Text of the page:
Racism, fundamentalism and the anti-war movement

Submitted by Anon on 28 February, 2002 - 12:49

Who are the real racists here?

One of the arguments raised in the anti-war movement against condemning the Taliban and fundamentalism's abuse of women has been that any criticism of islamism, fuels racism. This has the effect of confusing and silencing honest anti-racists. But who are the racists in this argument?

It is true that racists used Sept 11th as an excuse to attack Muslims here (and not just Muslims, anyone with a brown face - racists aren't fussy) and that Muslim women wearing the hijab made a visible target. But how do you get from there, to not criticising fundamentalism?
Unless you think that women in Afghanistan, Pakistan, Iran, etc are less deserving of human rights than their white sisters, which is clearly racist, how can you sacrifice their rights, which are being murderously infringed, to a vague notion of not wanting to add to islamophobia?

And does islamophobia mean that no aspect of Islam including its militant political fascist version can be criticised? Isn't that racist, saying in effect "they're all the same" - Muslim scholar and suicide bomber, they're all "Islam" i.e 'not like us'? The only difference is now they are "all the same" - above criticism.

One of the most persistent racial stereotypes is of Asian and Muslim women as passive victims of oppression. You don't challenge that by pretending, in the face of appalling evidence, that they are not oppressed, but by supporting those sisters fighting oppression.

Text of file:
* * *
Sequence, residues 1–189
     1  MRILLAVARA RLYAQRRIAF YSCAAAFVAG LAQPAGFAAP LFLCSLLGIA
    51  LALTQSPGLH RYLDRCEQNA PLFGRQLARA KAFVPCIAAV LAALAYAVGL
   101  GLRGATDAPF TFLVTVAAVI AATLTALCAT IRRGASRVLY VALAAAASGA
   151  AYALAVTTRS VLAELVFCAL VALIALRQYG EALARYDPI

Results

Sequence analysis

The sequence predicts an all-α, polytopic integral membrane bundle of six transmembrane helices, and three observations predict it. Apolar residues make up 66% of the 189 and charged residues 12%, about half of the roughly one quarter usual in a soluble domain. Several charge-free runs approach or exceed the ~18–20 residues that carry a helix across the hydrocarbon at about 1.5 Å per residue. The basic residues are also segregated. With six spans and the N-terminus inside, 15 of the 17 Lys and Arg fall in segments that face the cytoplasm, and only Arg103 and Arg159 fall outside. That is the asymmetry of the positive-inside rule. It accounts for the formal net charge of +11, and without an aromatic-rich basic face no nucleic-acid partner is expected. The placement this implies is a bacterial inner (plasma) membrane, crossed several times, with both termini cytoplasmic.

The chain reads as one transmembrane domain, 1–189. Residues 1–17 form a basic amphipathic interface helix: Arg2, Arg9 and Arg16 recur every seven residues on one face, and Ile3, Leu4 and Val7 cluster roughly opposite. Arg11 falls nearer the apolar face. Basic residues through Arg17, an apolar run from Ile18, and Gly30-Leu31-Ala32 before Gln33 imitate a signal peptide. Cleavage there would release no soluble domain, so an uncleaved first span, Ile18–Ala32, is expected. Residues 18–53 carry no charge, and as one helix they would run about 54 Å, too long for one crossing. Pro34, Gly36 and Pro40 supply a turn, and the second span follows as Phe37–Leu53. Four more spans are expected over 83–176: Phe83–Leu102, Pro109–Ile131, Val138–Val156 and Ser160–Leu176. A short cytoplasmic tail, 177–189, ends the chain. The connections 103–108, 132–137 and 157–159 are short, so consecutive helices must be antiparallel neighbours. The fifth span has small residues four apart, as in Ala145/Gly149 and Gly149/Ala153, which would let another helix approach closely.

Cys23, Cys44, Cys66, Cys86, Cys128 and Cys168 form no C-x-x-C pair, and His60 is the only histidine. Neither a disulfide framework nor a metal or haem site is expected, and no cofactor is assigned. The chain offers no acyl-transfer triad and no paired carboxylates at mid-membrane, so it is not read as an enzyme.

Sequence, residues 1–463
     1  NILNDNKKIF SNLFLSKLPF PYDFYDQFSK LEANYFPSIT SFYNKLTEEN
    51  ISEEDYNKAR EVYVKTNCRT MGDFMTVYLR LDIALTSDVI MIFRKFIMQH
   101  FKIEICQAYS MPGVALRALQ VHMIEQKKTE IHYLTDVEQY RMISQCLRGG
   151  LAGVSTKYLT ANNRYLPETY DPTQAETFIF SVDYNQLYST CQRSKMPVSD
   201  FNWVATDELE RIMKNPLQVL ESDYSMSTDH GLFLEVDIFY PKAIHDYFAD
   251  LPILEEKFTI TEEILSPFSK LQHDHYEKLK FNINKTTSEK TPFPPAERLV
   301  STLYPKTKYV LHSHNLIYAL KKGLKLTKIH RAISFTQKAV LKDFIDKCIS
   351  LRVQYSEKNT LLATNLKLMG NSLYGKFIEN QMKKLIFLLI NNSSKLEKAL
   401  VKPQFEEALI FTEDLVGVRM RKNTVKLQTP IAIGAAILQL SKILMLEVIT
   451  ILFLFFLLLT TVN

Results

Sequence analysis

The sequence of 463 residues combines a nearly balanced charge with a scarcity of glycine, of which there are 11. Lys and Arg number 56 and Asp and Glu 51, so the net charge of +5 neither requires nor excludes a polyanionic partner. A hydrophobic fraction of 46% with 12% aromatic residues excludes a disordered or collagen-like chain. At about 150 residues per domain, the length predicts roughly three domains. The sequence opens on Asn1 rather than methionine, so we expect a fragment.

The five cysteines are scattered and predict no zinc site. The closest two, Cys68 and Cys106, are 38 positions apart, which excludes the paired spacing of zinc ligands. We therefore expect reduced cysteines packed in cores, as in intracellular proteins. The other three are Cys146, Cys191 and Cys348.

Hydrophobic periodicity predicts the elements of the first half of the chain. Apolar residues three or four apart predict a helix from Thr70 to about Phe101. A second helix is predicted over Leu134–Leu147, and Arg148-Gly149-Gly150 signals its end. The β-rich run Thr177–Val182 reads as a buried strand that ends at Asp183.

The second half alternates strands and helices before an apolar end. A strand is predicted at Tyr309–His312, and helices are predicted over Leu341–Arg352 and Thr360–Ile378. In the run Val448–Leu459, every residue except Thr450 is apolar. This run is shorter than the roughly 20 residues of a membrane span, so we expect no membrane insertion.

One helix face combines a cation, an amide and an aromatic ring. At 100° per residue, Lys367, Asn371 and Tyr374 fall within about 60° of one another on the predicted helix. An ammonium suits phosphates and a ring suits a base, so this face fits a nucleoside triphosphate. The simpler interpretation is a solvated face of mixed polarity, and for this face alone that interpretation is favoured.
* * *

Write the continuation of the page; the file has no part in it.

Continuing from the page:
It's a hideous betrayal of those courageous women (and men) who have stood up to jihadi fascism to lump all opposition to political Islam together and suggest it aids racism.

And it's a small step from that silence in the face of oppression to actively supporting those oppressors. When British-Asian women, but not their white sisters, are pushed into segregated seating at a Stop the War meeting and abused when they object, and so-called socialists stand idly by, that is racist. That is saying that 'they' can do what they like with 'their' women, 'we' won't object. When you espouse one set of rights for women here, but remain silent on the total absence of those rights for women 'there', that's implicitly racist.

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